California Governor Gavin Newsom announced the launch of a new Novel Coronavirus (COVID-19) public awareness campaign to provide useful information to Californians and inform them of actions they can take to further prevent the spread of the virus. The campaign is anchored by a new, consumer-friendly website that highlights critical steps people can take to stay healthy and resources available to Californians impacted by the outbreak, including paid sick leave and unemployment assistance.
Prolonged stress can have life-threatening consequences not only for adults but also for children. Adverse childhood experiences (ACEs) can predispose them to any number of health problems later in life. In 2020, California is allocating $105 million to promote screening for ACEs, which have been shown to trigger toxic stress responses and epigenetic changes linked to a variety of health problems.
Dr. Mary Wilde recounts how learning about ACEs and toxic stress led her to be a better physician and gives a passionate call to action to “care for ourselves and each other.”
Insights from Alexandra Crosswell, an assistant professor of psychiatry at UCSF, and her colleagues help us better understand the ways in which our brains and bodies are besieged by all kinds of stress — from global pandemics to more routine experiences, such as caregiving for an elderly relative or constantly feeling unsafe in a high-crime neighborhood.
Last September the California Campaign to Counter Childhood Adversity (4CA) conducted a survey with providers, community organizations, and organizations specializing in trauma-informed practices. Read the ACEs Connection summary of the results and recommendations of where we go from here.
The Center for Care Innovations (CCI) and its partners are now accepting applications for the California ACEs Learning and Quality Improvement Collaborative (CALQIC), a new program that will support clinics in screening for and responding to Adverse Childhood Experiences (ACEs) in children and adults. Applications are due Tuesday, March 30.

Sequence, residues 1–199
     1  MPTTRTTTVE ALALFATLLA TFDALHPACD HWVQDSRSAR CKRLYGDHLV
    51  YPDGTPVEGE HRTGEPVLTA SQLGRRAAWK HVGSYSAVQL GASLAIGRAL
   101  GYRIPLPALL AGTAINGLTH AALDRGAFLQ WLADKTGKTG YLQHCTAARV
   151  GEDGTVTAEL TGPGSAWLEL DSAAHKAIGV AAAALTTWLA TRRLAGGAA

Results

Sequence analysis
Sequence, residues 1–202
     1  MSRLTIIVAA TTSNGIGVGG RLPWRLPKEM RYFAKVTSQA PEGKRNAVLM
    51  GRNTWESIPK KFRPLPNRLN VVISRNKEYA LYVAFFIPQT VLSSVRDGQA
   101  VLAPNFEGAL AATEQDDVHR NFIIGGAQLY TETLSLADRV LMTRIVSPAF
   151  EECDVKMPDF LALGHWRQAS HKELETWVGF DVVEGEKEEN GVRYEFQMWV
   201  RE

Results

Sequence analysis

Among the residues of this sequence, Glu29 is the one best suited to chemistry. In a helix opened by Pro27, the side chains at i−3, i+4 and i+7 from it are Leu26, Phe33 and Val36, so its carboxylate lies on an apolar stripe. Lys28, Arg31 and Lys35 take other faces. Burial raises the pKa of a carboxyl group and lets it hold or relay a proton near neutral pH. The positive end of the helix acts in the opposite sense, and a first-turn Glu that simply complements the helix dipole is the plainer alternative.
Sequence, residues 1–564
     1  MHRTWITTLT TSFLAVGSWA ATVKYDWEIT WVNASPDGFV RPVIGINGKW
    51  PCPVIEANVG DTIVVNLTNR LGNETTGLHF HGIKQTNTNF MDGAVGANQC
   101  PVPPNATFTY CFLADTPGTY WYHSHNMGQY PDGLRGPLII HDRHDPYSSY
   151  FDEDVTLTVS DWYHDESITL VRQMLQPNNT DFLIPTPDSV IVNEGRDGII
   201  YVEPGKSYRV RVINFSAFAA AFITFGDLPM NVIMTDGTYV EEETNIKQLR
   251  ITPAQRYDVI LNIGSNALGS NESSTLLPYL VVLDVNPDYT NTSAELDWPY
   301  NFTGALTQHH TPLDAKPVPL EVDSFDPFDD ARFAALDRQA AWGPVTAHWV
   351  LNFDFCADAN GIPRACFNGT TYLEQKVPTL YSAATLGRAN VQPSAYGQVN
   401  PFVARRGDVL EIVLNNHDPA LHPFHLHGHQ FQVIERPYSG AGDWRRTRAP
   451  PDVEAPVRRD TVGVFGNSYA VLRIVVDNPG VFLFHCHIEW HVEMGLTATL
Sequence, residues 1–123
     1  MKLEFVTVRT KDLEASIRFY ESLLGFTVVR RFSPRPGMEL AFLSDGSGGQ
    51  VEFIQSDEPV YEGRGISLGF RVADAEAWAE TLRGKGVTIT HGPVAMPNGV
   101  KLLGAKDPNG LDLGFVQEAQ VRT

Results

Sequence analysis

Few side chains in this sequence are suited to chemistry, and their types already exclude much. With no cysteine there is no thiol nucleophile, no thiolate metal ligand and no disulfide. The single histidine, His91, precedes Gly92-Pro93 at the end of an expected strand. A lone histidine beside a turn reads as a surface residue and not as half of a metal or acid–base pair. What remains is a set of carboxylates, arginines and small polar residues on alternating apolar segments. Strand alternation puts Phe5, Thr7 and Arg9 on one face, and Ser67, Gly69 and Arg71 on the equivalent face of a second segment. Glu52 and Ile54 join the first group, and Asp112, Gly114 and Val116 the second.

Dr. Karen Mark, Medical Director of the California Department of Health Care Services, talks about the importance of ACE screening.
In the mid-2000s, Dr. Nadine Burke Harris opened a children’s medical clinic in the Bayview section of San Francisco, one of the city’s poorest neighborhoods. She quickly began to suspect something was making many of her young patients sick. Read Newsweek Magazine’s cover story on the increasingly recognized public health crisis of Adverse Childhood Experiences and what health care leaders around the nation are doing to address it.
Harvard Public Health, the magazine of the Harvard T.H. Chan School of Public Health, explores how California’s first surgeon general, Nadine Burke Harris, MPH ’02, is carrying out the visionary agenda she has brought to medical care: finding the roots of disease in childhood adversity and treating the long-term consequences.
65% of adults in Modesto County have a history of at least one adverse childhood experience (ACE) and it’s likely the rate is similar for children. Read how encouraging providers to screen for ACEs will promote healing and improve health outcomes for California’s children, as well as how the ACEs Aware initiative utilizes existing systems of care to support the increasing need for mental health services and providers.